Q&A/What to SEE/Film

What to SEE: Love in Bright Landscapes

3 September 2021

The movie about local icon David McComb (The Triffids) opens this month at Luna Cinemas. Director Jonathan Alley talks with Seesaw about a doco 13 years in the making.

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The premiere season of Love in Bright Landscapes opens on the 9th September with a series of special events including live performances of Triffids songs and a post-screening Q&A with the Melbourne director Jonathan Alley. Seesaw editor Rosalind Appleby caught up with Alley to find out what the excitement is all about.

Rosalind Appleby: What drew you to direct this documentary about the singer/songwriter David McComb?

Jonathan Alley: When David died, it was obviously tragic. But beyond that human tragedy, to me, was a certain injustice that lay in his lack of recognition. His work was so powerful and well-realised, and in Australia people just missed it. I wanted to distil what made him great beyond the simple (if apt) descriptions I’d read of him by music writers. The most powerful and effective way to do that was to make a film. I wanted to elevate the emotive elements of his story , both uplifting and sad, beyond the music world’s forgotten box of yesteryear’s tales. I wanted to make him present again, for 100 minutes, anyway.

Jonathan Alley, director of the documentary ‘Love in Bright Landscapes’. Photo supplied

RA: It sounds like a real labour of love – why did it take 13 years?

JA: I’ll always remember the German filmmaker Wim Wenders talking about “the disease of words and images” in his film Until the End of the World (partially shot in Australia). David’s imagery – in his lyrics, his poems, and in the wider world of the songs when given life and breath by The Triffids – is quite breath-taking, ever evolving, and keys into human experience. A by-the-numbers rock doc with some talking heads was never going to pass. I had to find the right “words and images” to do right by his work. Even if I couldn’t match it, taking an instinctual, gut approach was always going to serve a story like David’s more. So, I had to wait until I felt I had the right materials. Between 2016 and 2018, certain elements coalesced: his father’s home movies and colour photos, the long-running correspondence with his elder brother John, the publication of his poems, and the right voice to read them (the writer DBC Pierre) all combined to elevate the film to something that could tell the story more effectively than a conventional narrator or interviewee. Short answer to your question: had to wait until it felt right, and I’m glad I did.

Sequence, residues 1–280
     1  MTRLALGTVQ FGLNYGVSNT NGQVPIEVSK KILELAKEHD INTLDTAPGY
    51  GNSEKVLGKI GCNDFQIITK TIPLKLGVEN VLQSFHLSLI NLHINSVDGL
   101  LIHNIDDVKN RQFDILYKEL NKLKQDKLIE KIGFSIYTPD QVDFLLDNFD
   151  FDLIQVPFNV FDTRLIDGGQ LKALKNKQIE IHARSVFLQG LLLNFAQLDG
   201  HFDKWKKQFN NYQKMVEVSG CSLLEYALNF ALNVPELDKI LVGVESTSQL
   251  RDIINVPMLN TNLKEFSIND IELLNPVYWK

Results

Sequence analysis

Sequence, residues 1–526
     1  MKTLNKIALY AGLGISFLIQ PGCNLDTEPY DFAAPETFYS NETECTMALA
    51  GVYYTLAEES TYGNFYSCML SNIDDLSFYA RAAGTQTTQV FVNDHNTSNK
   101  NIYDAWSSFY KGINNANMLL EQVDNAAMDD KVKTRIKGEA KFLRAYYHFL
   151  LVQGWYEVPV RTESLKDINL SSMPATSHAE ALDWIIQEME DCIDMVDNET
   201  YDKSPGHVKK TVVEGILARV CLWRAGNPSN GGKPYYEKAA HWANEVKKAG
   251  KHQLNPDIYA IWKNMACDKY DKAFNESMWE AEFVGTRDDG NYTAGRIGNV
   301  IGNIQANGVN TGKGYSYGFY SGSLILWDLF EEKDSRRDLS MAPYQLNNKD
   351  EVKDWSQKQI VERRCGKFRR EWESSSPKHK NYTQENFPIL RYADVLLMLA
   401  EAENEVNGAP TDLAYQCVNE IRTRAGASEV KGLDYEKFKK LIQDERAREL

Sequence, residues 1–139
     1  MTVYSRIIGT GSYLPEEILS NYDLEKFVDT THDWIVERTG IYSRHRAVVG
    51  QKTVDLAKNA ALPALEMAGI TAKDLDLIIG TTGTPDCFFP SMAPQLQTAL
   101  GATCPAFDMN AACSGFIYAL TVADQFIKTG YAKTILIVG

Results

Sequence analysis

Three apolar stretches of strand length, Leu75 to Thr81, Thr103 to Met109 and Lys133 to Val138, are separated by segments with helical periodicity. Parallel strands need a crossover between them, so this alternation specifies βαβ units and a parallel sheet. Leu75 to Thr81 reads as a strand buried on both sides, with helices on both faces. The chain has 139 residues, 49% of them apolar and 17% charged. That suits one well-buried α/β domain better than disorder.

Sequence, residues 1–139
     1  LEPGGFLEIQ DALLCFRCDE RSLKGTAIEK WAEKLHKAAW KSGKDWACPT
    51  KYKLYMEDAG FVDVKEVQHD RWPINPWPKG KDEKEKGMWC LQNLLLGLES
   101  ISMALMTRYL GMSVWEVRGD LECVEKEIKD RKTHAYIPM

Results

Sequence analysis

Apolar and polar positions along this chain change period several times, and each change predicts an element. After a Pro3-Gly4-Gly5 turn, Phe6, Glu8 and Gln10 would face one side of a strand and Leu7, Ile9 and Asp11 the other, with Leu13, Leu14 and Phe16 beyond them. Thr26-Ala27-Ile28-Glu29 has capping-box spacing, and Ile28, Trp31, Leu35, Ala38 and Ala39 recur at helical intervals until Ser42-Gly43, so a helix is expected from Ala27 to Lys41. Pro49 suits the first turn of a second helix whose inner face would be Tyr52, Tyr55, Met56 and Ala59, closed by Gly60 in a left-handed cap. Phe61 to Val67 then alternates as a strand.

RA: McComb founded and fronted The Triffids in Perth in the late 70’s. The band moved to the east coast then London and found success but within a decade it all seemed to fizzle out and the band folded. Their legacy, however, seems to only increase as time passes. Why is that?

JA: We live in fickle times. Culture doesn’t have a shelf life anymore, unless it’s some mega-marketed binge-watched TV show on a platform. There’s some great art around, no doubt about it at all, but to find it you have to travel down the rabbit hole of that blog, that social media post that leads you to that page/stream etc. Music isn’t a cultural event anymore; it’s just more content. When Dave and The Triffids were at the height of their powers, it was the opposite, far more mono-cultural. But the deadening effect of that was a lack of traction; if that one BBC music programmer didn’t add you back in 1987, that was kind of it, you’d be struggling. So given that, why does the legacy endure? The songs speak to people’s deeper core, their emotional centre if you like, and once people are hooked they can’t dismiss the experience. And, that’s why there’s been the wider renaissance in David’s work: the Triffids reissues, the publication of his poems, Bleddyn Butcher’s biography Save What You Can and the new album of his last songs “Truckload of Sky Vol 1” recorded by his close friends. If people didn’t care, those things wouldn’t have gained the attention they have done; I hope our film proves a worthy addition to the list. 

The iconic singer/songwriter David McComb is the subject in the film ‘Love in Bright Landscapes’. Photo supplied

RA: BBC Magazine wrote of The Triffids: “This is not just the sound of an isolated part of the Antipodes – it’s the sound of humanity, all over the globe.” Why do you think David McComb’s songs (and the stories in them) had such a global appeal?